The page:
Integrating Disparate Revenue Cycle Functions in a Multi-hospital System:
Making the Case for Utilization Management 360®
By John Zelem, MD, FACS
Revenue cycle management (RCM) in the healthcare industry continues to operate at decreasing profit margins and is in dire need of increasing efficiencies and preserving net patient revenue. With increasing costs to provide services to patients, other challenges confront those responsible for RCM management, including the need for accurate physician documentation, an atmosphere of increasing payer audits and denials, and the addition of the global healthcare pandemic. Solutions seem to be evasive. Overtime, the major components of the RCM function seem to have evolved into an unintended mindset of silos and territorialism.
The commonality amongst these components is that stakeholders are all looking at the same medical record documentation. Yet, each sees the same documentation through their own lens with the unintended consequence of collaboration remaining out of reach without a focused communication partnership.
Case in point: a 3,739-bed, 12-acute care hospital system needed to establish a focused communication partnership between and within stakeholders of their revenue cycle, break down the silos that were impeding collaboration within the system and identify the missing pieces in their workflow.
The key to solving this problem would be to provide a holistic approach to foster standardization and accountability across the enterprise in order to achieve patient-centered clinical and financial strategies.
Moving forward, the hospital system, in recognizing their own unique situation, provided specific targeted areas for evaluation. These included the following:
- Evaluate the utilization review (UR) process to ensure compliance with the Conditions of Participation (CoP)
- Review the utilization of physician advisors (PAs) and indications for referrals for second level case reviews
- Analyze the Vice Presidents of Medical Affairs (VPMA) of each facility in their role of being the UR committee physician for downgrades in the Condition Code 44 and CoP process, leveraging the clinical knowledge base used for making these decisions, along with reviewing efficiency, capacity, motivation, timeliness, and understanding of federal rules and regulations
- Identify areas of standardization of physician education across the enterprise with special focus on orthopedics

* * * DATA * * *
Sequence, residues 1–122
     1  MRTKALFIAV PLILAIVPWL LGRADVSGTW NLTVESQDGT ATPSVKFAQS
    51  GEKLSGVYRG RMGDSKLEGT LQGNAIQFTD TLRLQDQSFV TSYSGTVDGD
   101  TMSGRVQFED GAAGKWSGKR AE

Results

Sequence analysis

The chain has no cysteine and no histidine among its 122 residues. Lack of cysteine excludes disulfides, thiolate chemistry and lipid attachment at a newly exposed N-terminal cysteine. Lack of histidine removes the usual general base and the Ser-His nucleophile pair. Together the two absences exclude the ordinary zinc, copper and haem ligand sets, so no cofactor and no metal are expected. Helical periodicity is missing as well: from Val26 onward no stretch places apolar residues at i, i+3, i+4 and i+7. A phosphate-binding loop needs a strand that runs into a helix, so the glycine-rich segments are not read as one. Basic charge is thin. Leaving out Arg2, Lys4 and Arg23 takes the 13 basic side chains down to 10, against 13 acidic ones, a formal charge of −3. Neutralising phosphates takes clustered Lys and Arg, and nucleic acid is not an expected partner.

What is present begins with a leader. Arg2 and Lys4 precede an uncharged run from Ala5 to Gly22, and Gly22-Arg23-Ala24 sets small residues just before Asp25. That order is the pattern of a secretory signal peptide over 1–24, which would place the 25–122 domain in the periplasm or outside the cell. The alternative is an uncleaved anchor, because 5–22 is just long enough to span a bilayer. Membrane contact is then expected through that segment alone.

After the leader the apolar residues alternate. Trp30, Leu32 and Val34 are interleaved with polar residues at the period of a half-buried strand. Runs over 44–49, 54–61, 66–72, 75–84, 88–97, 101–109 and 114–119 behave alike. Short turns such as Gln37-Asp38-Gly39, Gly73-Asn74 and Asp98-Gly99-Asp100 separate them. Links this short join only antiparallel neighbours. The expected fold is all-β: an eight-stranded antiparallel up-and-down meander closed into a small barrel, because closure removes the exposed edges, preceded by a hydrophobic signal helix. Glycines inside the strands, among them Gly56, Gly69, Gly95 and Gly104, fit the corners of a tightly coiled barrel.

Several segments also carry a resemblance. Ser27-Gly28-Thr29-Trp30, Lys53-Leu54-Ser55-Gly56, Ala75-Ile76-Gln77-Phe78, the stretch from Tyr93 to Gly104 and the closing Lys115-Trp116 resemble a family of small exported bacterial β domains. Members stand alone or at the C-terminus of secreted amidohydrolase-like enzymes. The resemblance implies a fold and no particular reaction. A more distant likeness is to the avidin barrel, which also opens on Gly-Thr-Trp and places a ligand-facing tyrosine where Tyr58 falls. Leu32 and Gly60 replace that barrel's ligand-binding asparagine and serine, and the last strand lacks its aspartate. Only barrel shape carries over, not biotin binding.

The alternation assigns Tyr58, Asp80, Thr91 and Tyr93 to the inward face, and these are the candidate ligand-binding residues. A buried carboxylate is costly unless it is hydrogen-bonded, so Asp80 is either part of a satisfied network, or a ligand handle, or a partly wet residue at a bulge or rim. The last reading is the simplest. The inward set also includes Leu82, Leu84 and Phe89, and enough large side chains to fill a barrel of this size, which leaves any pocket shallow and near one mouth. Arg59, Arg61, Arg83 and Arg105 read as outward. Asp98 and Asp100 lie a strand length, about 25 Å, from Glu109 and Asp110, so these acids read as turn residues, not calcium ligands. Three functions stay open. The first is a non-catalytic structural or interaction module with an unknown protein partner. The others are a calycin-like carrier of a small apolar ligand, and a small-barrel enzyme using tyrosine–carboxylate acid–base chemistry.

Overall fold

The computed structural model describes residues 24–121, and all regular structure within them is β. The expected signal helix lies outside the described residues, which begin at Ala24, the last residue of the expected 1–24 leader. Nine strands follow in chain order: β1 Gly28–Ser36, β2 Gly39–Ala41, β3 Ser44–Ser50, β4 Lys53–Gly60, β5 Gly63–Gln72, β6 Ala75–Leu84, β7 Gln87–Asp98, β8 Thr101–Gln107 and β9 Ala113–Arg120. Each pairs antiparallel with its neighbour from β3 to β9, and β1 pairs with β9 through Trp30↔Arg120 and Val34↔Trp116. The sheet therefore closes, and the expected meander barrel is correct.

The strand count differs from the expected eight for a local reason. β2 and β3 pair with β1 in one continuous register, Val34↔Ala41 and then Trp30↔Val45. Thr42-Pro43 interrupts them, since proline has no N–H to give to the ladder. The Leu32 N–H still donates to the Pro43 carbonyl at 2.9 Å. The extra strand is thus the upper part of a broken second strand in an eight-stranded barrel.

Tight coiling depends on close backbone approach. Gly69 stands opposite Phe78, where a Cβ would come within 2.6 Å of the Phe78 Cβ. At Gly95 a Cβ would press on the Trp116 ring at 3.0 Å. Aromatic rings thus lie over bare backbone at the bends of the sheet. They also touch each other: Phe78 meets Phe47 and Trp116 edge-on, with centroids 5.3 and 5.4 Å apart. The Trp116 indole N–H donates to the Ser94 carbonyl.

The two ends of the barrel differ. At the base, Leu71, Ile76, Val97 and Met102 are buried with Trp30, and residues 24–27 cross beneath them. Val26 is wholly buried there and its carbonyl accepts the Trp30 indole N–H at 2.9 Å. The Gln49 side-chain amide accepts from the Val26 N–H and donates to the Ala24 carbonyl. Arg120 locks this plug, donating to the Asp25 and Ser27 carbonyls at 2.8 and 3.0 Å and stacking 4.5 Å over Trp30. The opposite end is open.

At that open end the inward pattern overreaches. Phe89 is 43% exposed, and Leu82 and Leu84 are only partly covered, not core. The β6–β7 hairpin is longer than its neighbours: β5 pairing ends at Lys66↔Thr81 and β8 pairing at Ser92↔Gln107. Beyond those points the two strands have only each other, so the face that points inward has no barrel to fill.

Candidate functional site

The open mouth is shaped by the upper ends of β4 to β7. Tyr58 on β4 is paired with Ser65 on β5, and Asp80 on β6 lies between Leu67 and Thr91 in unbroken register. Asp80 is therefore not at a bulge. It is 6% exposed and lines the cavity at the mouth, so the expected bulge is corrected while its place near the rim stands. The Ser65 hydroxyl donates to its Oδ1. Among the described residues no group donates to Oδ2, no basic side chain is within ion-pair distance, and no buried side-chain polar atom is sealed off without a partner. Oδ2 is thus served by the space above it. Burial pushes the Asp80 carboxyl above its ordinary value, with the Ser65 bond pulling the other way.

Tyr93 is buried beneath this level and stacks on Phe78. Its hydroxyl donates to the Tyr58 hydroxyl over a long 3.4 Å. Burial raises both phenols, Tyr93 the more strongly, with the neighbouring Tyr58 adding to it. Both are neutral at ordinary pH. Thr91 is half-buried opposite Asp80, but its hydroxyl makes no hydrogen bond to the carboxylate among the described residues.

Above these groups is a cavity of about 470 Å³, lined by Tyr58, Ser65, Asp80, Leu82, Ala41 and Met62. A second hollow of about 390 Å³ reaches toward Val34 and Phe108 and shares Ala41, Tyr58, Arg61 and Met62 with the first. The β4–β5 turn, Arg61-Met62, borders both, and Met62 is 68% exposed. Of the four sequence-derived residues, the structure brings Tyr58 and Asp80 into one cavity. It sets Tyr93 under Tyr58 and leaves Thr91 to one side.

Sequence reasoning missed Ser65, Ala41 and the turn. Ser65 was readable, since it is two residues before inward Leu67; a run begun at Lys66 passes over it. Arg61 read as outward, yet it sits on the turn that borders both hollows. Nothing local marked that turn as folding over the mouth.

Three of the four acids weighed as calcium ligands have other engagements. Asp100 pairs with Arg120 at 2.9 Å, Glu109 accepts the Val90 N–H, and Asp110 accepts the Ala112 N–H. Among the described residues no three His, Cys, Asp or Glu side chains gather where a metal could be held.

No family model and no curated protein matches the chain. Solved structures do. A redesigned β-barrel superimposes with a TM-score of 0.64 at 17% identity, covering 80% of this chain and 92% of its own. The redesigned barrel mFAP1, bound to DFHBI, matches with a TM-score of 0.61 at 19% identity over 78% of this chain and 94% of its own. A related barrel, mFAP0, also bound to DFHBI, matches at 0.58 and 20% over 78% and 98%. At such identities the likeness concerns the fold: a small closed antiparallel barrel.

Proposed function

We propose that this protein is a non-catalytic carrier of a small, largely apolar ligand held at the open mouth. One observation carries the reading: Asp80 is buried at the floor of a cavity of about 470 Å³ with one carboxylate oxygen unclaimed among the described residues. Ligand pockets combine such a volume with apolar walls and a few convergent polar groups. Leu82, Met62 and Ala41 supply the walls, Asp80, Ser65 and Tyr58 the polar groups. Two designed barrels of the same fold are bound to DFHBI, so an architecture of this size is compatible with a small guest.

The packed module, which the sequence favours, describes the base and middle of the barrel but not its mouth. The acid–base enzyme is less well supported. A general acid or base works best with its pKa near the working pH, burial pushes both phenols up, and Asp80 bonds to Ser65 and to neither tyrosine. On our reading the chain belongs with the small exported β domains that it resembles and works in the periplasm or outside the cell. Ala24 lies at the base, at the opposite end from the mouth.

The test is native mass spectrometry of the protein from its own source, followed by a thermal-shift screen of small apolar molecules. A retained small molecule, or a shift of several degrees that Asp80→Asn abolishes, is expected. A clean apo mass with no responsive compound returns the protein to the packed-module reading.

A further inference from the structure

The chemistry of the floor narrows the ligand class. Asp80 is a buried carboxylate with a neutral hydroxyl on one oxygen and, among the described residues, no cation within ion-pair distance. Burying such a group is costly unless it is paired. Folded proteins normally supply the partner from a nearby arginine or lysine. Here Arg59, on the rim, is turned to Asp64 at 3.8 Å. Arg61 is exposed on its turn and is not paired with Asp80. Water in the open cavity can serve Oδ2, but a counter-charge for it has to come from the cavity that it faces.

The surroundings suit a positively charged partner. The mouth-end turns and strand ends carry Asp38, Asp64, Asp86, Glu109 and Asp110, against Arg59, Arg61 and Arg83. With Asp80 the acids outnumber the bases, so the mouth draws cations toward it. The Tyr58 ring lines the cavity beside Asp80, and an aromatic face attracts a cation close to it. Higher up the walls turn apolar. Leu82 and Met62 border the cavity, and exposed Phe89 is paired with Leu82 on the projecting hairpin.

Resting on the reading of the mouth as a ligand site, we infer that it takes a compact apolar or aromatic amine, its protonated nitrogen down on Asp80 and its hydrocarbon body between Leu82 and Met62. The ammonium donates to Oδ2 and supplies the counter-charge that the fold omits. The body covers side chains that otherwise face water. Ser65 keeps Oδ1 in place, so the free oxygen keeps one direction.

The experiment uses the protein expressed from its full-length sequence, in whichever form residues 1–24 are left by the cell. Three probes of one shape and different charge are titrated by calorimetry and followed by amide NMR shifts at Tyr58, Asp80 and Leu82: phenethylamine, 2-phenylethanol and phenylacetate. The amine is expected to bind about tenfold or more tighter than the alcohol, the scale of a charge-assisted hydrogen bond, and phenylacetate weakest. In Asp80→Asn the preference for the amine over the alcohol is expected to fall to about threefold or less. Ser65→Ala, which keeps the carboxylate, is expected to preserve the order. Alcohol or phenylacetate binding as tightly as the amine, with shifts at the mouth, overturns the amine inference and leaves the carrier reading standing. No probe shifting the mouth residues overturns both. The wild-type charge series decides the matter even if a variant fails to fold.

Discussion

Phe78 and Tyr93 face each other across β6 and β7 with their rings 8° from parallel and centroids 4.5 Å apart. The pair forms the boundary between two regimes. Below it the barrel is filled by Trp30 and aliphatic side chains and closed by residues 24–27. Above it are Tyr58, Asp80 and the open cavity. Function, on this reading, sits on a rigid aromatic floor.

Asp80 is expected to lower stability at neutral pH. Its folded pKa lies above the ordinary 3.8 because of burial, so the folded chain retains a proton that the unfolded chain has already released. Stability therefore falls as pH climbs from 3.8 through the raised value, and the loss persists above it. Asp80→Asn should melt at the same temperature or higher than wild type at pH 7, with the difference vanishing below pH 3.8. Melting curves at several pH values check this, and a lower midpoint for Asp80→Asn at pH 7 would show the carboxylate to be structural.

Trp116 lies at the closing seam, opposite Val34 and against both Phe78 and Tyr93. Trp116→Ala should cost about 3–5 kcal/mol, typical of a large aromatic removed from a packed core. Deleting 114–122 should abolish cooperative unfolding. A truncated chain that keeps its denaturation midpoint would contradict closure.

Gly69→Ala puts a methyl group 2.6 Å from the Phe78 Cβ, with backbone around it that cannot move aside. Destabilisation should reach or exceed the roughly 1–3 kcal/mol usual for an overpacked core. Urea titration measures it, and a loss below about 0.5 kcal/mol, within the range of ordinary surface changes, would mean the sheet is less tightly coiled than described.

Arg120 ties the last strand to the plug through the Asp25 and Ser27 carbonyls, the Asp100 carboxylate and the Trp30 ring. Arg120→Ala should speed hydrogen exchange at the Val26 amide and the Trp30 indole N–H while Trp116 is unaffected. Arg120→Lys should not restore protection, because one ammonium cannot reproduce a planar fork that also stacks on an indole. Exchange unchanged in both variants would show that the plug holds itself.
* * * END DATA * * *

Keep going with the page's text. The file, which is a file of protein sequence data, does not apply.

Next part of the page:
- Evaluate the Integrated Care Management (ICM) department to assess standardized duties and functions, general knowledge of the UR process, and where there were disconnects and mis-understandings
- Identify challenges, processes, and solutions to building a comprehensive, best practice PA program across the system
An indication of success in this project was simple: to integrate all of the involved areas into a collaborative, unified team, with standardization and accountability—a 360-degree approach to utilization management (UM)—a rigorous approach that is part of Utilization Management 360®
This project initially started with conversations including RCM and physician leadership to outline specific goals and objectives. The Utilization Management 360® approach examines the complete spectrum of a patient episode of care beginning with the initial review for appropriate level of care all the way to the results of submitting a correct claim. There are typically five major components to the Utilization Management 360â concept:
- Utilization Review (UR)
- Integrated Care Management (ICM)
- Clinical Documentation Integrity (CDI)
- Physician Advisor (PA)
Aspects of the project included the following:
- Interviews with key leadership in their defined roles and also individual and group interviews of staff and managers, based on questions were developed and standardized prior to the interviews
- A randomized 25 chart selection for review of documentation quality for medical necessity, coding, and level of care decision making. This was extremely important in the surgical and orthopedic areas